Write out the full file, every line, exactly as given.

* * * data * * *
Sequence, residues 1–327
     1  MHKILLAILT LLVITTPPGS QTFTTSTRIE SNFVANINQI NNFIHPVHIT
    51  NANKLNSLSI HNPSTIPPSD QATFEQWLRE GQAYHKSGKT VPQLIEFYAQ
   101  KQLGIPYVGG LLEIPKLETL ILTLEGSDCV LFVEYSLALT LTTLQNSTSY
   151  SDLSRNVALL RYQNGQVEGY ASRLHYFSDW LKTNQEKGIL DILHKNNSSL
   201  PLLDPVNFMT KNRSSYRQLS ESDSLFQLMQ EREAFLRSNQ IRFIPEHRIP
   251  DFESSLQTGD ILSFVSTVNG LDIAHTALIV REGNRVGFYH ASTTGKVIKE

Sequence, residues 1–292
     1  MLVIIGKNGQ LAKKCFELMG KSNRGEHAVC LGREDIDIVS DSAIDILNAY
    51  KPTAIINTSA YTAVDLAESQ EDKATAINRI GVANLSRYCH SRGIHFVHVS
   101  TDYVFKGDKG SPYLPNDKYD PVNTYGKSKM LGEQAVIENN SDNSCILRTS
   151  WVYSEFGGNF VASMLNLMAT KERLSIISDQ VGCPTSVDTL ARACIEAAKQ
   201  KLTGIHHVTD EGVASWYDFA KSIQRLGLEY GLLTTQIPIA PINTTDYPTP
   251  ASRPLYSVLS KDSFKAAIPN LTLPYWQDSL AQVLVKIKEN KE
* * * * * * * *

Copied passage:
Sequence, residues 1–327
     1  MHKILLAILT LLVITTPPGS QTFTTSTRIE SNFVANINQI NNFIHPVHIT
    51  NANKLNSLSI HNPSTIPPSD QATFEQWLRE GQAYHKSGKT VPQLIEFYAQ
   101  KQLGIPYVGG LLEIPKLETL ILTLEGSDCV LFVEYSLALT LTTLQNSTSY
   151  SDLSRNVALL RYQNGQVEGY ASRLHYFSDW LKTNQEKGIL DILHKNNSSL
   201  PLLDPVNFMT KNRSSYRQLS ESDSLFQLMQ EREAFLRSNQ IRFIPEHRIP
   251  DFESSLQTGD ILSFVSTVNG LDIAHTALIV REGNRVGFYH ASTTGKVIKE

Sequence, residues 1–292
     1  MLVIIGKNGQ LAKKCFELMG KSNRGEHAVC LGREDIDIVS DSAIDILNAY
    51  KPTAIINTSA YTAVDLAESQ EDKATAINRI GVANLSRYCH SRGIHFVHVS
   101  TDYVFKGDKG SPYLPNDKYD PVNTYGKSKM LGEQAVIENN SDNSCILRTS
   151  WVYSEFGGNF VASMLNLMAT KERLSIISDQ VGCPTSVDTL ARACIEAAKQ
   201  KLTGIHHVTD EGVASWYDFA KSIQRLGLEY GLLTTQIPIA PINTTDYPTP
   251  ASRPLYSVLS KDSFKAAIPN LTLPYWQDSL AQVLVKIKEN KE